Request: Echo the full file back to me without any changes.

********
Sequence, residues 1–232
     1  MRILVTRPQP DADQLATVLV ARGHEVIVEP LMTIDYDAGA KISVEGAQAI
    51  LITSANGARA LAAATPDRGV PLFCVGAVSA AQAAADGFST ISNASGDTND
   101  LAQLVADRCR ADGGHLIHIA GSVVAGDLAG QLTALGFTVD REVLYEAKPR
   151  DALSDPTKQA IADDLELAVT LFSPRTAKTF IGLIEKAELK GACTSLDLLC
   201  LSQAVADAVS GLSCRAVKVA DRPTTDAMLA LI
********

Sequence, residues 1–232
     1  MRILVTRPQP DADQLATVLV ARGHEVIVEP LMTIDYDAGA KISVEGAQAI
    51  LITSANGARA LAAATPDRGV PLFCVGAVSA AQAAADGFST ISNASGDTND
   101  LAQLVADRCR ADGGHLIHIA GSVVAGDLAG QLTALGFTVD REVLYEAKPR
   151  DALSDPTKQA IADDLELAVT LFSPRTAKTF IGLIEKAELK GACTSLDLLC
   201  LSQAVADAVS GLSCRAVKVA DRPTTDAMLA LI